Eric Pooley recently delivered a sturdy defense of EDF's eclectic collection of business partners, and well he should. After all, this isn't EDF's first rodeo. It has been criticized for its partnerships since the very beginning, when it worked with McDonald's to reduce the environmental impact of the hamburger chain's packaging waste back in 1990.
Reaction at the time ranged from skepticism to outrage. "EDF has watered down its stands in the last decade to please big business and the federal government," the Boston Globe said, quoting "environmental activists."
Lois Gibbs, famous for her leadership in organizing a response to New York's Love Canal tragedy, told the Chicago Tribune, "I think it's really selling out."
Even EDF staff had concerns, with one describing the work as "more like an arms negotiation than a marriage."
Fred Krupp foretold the situation in 1986. Writing in the Wall Street Journal, no less, he argued it was time to move to a "third stage" of environmentalism. The first stage, he explained, focused on conservation and dated back to Teddy Roosevelt's creating national parks. The second, from the early 1960s, was characterized by the beginnings of environmental regulation. In the "third-stage," environmentalists were to move beyond lawyerly obstruction and help solve environmental problems while allowing business to meet legitimate social needs.
And it has worked. Pooley provides positive examples of EDF's recent work involving toxic chemicals, fracking and Wal-Mart. Partnering with business has become a widely adopted tool and nearly ubiquitous amongst environmental nonprofits. Brand name organizations, such as World Wildlife Fund, the Nature Conservancy, Conservation International, the Center for Climate and Energy Solutions (the former Pew Center on Global Climate Change), World Resources Institute and Natural Resources Defense Council, all have active partnerships or partnership networks. Businesses could and would partner, and environmental performance improved.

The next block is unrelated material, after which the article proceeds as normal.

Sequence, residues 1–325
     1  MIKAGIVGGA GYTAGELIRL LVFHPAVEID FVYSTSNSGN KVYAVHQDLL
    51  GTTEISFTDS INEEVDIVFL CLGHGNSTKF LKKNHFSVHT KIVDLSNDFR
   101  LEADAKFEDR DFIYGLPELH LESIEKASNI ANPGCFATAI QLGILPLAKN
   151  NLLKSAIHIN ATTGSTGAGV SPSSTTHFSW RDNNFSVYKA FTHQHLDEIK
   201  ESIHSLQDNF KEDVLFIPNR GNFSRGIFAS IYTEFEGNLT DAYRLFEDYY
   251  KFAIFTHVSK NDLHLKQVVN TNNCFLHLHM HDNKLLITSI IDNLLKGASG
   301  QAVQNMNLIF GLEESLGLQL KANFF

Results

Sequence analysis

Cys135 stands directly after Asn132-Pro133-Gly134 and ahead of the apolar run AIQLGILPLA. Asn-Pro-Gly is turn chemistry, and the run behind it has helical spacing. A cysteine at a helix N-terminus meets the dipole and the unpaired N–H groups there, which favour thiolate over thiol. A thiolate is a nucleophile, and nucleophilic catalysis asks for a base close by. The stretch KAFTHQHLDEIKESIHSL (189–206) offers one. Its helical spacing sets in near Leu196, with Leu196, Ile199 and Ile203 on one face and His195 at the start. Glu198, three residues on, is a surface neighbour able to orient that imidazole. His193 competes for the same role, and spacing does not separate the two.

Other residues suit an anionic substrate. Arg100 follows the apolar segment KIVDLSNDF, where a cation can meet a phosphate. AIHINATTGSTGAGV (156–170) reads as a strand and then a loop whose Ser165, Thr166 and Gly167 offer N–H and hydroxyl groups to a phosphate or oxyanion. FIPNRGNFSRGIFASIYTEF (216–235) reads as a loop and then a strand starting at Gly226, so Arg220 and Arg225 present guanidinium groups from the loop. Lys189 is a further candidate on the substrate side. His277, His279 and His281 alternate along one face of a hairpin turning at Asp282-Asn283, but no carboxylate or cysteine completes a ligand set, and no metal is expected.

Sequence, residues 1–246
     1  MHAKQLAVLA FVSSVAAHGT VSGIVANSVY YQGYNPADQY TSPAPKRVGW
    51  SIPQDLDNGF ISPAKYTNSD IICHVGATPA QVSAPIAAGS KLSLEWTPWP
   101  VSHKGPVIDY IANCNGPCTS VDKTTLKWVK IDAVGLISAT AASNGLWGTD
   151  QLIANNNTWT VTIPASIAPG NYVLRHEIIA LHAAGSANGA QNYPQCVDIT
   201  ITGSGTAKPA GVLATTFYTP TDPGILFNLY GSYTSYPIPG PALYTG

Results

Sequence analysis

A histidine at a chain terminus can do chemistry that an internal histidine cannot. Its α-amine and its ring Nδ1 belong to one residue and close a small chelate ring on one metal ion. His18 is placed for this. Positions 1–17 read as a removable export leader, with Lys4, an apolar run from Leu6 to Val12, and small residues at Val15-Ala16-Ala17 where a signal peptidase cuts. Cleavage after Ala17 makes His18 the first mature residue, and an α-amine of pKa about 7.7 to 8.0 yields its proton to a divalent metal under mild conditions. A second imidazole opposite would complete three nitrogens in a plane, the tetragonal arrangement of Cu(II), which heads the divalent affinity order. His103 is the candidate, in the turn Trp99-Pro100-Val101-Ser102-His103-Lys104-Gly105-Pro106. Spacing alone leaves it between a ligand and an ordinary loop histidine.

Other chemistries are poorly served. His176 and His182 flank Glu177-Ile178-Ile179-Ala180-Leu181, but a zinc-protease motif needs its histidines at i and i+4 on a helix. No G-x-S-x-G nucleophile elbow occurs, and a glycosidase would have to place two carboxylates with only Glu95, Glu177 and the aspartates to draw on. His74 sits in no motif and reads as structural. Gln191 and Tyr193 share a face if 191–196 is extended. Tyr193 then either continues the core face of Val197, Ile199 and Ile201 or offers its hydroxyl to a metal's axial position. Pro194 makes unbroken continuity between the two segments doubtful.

But let's face it: Despite a quarter-century of partnerships and improvement in some areas, many urgent environmental concerns have gotten even more dire. Despite our best efforts, environmental advocates don't have enough staff, money, access or ideas to manage enough partnerships and solve enough problems to address the threats we face. We may be losing more slowly, but we are still losing. We need a more ambitious approach.
In his Wall Street Journal op-ed, Krupp warned against "treating only symptoms; the problems will surface again and again." His advice was to "answer the underlying needs, and you have a lasting cure."
Krupp was right again. After all, climate change, like many other environmental "problems," is also a symptom of an underlying issue: Business is able, even encouraged, to profit by causing environmental harm. The top 3,000 public companies caused more than $2.15 trillion or one-third of global environmental costs in 2010, UNEP & PRI reported [PDF].
The long-lasting cure is to expect and demand this behavior change. It is time for a fourth stage of environmentalism where it is not the responsibility of outside advocates to identify and address environmental threats, but where business itself internalizes and assumes responsibility. In this stage, business is expected to be sustainable as a social obligation and, failing to meet this obligation, risks loss of its license to operate. After all, why should society tolerate businesses that threaten its future?
This fourth stage builds on the progress of the past century. In particular, the past 25 years have shown that environmental improvement is not inconsistent with business practice. Moreover, we know it isn't "anti-business" to demand sustainable practices. Most environmental advocates realize business supplies our goods and services, creates many of our jobs and supports our investments and retirement funds. On the other hand, business realizes that these same environmentalists are also its employees, investors, customers, suppliers and neighbors.
Although it may be reinforced by law, the fourth stage is not law. It is a mindset, expectation and cultural norm. Its realization requires a social movement that reinforces "sustainable" as a baseline for business operations. Sustainability becomes pre-competitive, a level playing field, upon which businesses compete. The many well-intentioned businesses no longer will risk being undercut by the few irresponsible businesses willing to steal from society's cookie jar.
All businesses must be sustainable. For the future of society, that can't be a choice.
This is the first of three columns that will explore the fourth stage of environmentalism. The next two columns will describe fourth stage implications for business and environmental advocates.
Dandelion image by Brian A Jackson via Shutterstock.